Ah, the annual (or semi-annual) performance appraisal. One of the few rituals of work life that’s loathed in almost equal measure by employees, managers, and HR alike.
On paper, at least, the performance review process has a lot going for it. It makes sense to carve out time to really look in-depth at an employee’s performance over the past year, as well as look forward to goals for the year ahead – both from an organizational standpoint and an employee development standpoint.
In an ideal world, I imagine the performance review meeting playing out a lot like one of those General Mills International Coffee commercials from the 1980s: Manager and employee in a relaxed setting, steamy coffees in hand, talking frankly yet animatedly about past triumphs and upcoming challenges.
As with so many things in HR, however, performance appraisals never quite work in real life the way they’re meant to. In real life, you’re more likely to wind up with the following:
- You pester your busy managers, repeatedly, to get their *^#@#^*^#! reviews in before the deadline.
- Everyone (like the children in Garrison Keillor’s fictitious Lake Wobegon) is “above average” – even the guy who set the entire first floor ablaze three months ago due to an entirely preventable mishap involving a sticky bun and the break room toaster.
- The reviews are filled with meaningless platitudes: “team player”…”exceeds expectations”…”goes the extra mile”…
- Everyone gets the same 2.5% pay increase, no matter how stellar (or abysmal) the performance review was.
- Managers and employees alike skim the surface of performance and personality issues, afraid to offend – or, in the case of managers, jump-start a bias lawsuit against the company.
- By the time the annual or semi-annual revew rolls around, everyone has forgotten the goals that were set out last time around. Alternately, the company has changed so much in the interim that said goals are no longer relevant (e.g., Jim’s ability, or lack thereof, to build the Mexico business is now moot as the Mexico division was sold off late last year).
- Employees and managers “save up” comments and feedback for the review meeting. By the time the meeting happens, the comments and feedback are either stale or forgotten entirely. As an added bonus, an employee is sometimes blindsided by a negative bit of feedback his or her manager has been sitting on for the better part of a year.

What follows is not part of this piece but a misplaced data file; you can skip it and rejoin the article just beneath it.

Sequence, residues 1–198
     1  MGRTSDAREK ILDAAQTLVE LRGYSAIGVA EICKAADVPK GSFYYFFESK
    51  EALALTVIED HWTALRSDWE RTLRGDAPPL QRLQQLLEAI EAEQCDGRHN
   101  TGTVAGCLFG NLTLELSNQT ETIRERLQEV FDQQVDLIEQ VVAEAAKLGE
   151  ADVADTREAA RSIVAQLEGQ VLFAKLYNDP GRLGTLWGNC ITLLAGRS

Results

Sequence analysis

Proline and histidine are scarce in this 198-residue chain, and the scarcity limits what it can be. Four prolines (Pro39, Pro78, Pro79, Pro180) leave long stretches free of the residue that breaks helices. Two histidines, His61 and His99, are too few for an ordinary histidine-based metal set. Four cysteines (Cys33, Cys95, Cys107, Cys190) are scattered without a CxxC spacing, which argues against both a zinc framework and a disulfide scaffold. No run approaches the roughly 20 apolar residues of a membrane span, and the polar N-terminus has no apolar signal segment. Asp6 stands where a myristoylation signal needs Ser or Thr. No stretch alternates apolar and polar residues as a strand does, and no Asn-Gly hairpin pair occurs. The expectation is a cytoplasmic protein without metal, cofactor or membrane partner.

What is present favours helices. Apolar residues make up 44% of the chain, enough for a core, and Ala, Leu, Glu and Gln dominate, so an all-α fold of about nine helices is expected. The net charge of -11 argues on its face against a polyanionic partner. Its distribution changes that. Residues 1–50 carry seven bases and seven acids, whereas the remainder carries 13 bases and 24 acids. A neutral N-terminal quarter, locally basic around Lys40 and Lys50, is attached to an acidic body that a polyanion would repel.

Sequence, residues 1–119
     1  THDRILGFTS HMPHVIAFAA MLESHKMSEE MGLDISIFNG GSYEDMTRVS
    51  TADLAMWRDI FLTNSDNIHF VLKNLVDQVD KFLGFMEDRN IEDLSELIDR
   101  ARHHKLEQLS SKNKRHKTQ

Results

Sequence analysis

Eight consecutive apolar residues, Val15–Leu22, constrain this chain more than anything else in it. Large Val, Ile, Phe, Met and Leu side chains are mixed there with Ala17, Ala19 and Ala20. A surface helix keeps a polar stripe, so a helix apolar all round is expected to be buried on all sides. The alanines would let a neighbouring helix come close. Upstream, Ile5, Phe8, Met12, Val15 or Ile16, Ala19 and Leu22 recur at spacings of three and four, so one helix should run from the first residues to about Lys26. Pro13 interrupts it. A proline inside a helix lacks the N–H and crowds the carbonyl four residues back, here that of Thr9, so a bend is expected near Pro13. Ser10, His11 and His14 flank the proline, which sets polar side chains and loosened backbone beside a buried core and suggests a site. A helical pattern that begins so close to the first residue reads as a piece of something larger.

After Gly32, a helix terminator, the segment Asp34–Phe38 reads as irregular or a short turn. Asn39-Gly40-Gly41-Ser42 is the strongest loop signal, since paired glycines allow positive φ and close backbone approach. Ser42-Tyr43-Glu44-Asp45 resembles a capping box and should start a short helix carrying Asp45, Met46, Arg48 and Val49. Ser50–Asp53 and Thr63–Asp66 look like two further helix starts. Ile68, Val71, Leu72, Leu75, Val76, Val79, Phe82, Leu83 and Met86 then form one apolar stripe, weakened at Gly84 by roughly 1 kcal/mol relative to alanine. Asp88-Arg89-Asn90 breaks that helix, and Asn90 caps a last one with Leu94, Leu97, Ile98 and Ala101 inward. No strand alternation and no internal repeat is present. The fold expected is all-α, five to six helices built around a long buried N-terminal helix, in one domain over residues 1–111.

Sound familiar? If so, take heart – you are most assuredly not alone. Which is why so many companies are starting to do the previously unthinkable: Ditch the annual performance review entirely.
According to Natasha Bowman, J.D., SPHR, of White Plains Hospital and Performance ReNEW, we’re in the midst of a veritable revolution in this area, with more than one-third of U.S. companies replacing traditional annual performance reviews. She says companies like Adobe, Microsoft, IBM, Deloitte, Dell, and General Electric have opted for informal, regular check-ins between employees and their managers.
Just think: Ongoing performance management rather than a single, dreaded meeting. If this idea is even mildly intriguing to you, you won’t want to miss Bowman’s special session at our upcoming THRIVE conference in Las Vegas in a few weeks.
In Performance Management Reloaded: Ditching Appraisals in Favor of Revolutionary Ways to Reinforce Positive Employee Behaviors, Bowman will identify reasons for ditching “check-the-box” performance management processes and highlight ways companies are succeeding at taking a new approach by increasing the frequency of performance discussions, eliminating ratings and replacing them with adjectives, and, in many cases, eliminating the process altogether.
It’s going to be a great session, and I hope you’ll consider joining me and the rest of the BLR team at THRIVE for it. The conference is designed specifically for high-level HR professionals looking to hone their leadership skills and drive their companies to the next level of success.
The full conference agenda is available here. If you have any questions about the conference, I’d be more than happy to answer them (or find you someone who can). Just shoot me an email. The conference gets rolling on May 11th, and we’d love to have you join us!
This article originally appeared on BLR’s THRIVE blog, here.
|Jennifer Carsen, JD,is a Senior Legal Editor for BLR’s human resources and employment law publications, focusing on benefits compliance. In the past, she served as the managing editor of California Employer Resources (CER), BLR’s California-specific division, overseeing the content of CER’s print and online publications and coordinating live events and webinars for both BLR and CER.
Before joining CER in 2005, Ms. Carsen was a Legal Editor at CCH, Inc. and practiced in the Labor & Employment Department at Sidley & Austin, LLP in Chicago. She received her law degree from the New York University School of Law and her B.A. from Williams College. She is a member of the New Hampshire Bar Association.
Questions? Comments? Contact Jen at email@example.com for more information on this topic